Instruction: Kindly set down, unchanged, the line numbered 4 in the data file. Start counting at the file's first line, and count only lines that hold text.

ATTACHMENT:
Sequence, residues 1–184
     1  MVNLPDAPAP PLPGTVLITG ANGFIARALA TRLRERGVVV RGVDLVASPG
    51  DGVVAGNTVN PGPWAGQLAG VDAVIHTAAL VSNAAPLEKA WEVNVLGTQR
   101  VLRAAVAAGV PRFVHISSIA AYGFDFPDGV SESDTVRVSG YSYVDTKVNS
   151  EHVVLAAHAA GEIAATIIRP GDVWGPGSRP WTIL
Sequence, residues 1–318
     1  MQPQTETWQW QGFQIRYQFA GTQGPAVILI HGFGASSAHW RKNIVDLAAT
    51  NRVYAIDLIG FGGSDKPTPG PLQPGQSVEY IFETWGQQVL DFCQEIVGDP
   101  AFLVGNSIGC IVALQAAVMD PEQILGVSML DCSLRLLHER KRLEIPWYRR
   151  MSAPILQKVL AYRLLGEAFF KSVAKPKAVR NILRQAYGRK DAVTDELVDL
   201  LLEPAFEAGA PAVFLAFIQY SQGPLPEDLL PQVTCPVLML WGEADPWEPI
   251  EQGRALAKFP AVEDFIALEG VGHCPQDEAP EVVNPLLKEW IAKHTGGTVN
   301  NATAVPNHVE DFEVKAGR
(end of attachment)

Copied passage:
   101  VLRAAVAAGV PRFVHISSIA AYGFDFPDGV SESDTVRVSG YSYVDTKVNS